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|Named Person:||John Coltrane|
|All Authors / Contributors:||
|Description:||xix, 278 p. ; 22 cm.|
|Other Titles:||John Coltrane and his quest|
spiritual, psychological, philosophical, and social forces that most profoundly influenced Coltrane and the creation of his daring music. Not a formal biography, Ascension examines Coltrane's inner quest, which led him from being a journeyman rhythm and blues saxophonist, as well as a heroin addict and alcoholic, to becoming one of the greatest, and most influential, musicians America has produced. At the core of Ascension is Coltrane's spiritual awakening in 1957, at.
which time he dedicated himself to reaching God through his music and simultaneously kicked both his alcohol and heroin habits. He became a man obsessed, practicing constantly when not on the bandstand, and reading voraciously all manner of texts that helped him advance along his spiritual quest. Coltrane's view of God was anything but narrow: he studied both Eastern and Western religions; took LSD for spiritual insight; and even became fascinated with modern physics.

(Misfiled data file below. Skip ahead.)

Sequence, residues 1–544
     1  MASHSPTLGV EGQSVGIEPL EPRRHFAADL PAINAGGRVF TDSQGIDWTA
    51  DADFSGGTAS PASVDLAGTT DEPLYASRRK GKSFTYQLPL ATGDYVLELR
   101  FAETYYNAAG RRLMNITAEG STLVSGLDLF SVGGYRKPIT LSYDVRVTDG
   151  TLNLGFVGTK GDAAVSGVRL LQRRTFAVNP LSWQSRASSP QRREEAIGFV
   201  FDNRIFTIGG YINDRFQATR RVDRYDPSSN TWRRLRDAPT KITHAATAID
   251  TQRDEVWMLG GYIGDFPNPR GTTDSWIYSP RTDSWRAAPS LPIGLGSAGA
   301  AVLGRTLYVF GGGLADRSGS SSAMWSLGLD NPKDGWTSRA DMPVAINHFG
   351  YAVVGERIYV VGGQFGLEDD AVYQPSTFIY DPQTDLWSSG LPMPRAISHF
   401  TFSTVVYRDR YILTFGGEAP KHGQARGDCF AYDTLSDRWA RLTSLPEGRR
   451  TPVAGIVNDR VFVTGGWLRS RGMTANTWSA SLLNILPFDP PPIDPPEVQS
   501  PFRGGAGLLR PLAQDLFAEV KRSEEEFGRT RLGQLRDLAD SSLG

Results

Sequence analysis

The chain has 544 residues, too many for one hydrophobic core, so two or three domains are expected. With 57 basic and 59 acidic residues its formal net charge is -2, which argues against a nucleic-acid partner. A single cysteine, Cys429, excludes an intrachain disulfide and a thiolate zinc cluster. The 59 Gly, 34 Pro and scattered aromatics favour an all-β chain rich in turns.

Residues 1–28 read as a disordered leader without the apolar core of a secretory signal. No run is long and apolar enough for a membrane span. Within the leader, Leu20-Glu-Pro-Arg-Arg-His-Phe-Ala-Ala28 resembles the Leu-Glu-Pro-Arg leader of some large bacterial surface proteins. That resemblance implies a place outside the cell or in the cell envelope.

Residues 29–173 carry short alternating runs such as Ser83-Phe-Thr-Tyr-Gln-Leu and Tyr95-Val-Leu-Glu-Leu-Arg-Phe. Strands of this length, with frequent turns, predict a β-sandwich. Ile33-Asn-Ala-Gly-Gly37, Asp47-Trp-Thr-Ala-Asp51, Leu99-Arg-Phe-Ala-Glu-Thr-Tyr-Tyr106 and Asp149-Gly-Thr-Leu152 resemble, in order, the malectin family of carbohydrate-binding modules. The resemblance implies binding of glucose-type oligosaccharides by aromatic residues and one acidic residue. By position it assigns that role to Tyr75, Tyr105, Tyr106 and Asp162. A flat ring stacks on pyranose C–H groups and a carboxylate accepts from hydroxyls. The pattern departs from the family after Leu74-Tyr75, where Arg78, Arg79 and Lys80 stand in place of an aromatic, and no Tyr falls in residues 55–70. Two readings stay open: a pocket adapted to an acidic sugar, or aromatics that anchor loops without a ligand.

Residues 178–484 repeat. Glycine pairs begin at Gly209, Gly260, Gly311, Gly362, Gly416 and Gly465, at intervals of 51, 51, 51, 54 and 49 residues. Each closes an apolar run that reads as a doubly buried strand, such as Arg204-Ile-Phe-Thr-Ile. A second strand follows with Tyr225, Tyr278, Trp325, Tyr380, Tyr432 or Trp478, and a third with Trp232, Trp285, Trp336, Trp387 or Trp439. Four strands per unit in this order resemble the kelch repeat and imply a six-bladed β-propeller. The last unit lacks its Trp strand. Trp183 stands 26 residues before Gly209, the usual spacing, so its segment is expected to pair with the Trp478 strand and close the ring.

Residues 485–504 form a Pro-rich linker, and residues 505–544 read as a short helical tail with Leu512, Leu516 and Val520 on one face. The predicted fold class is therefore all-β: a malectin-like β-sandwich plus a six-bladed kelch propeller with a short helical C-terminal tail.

he often mentioned Albert Einstein as being among his greatest heroes. In the Sixties, as his music grew increasingly "outside," and he became a father figure to a new generation of jazz Young Turks, he also was affected by the intense political tumult of the era, particularly that of the civil rights and black liberation movements. Coltrane's effect on jazz was so great that his death left many questions to be examined; most important, why have there been no great jazz.
innovators, or innovations, since his death? From Coltrane's early innovations through the effects, both positive and negative, on jazz since his death, Ascension: John Coltrane and His Quest traces one of the great modern spiritual and intellectual adventures - that of a musical genius and a hero and mentor of both his own time and for the generations that followed his passing.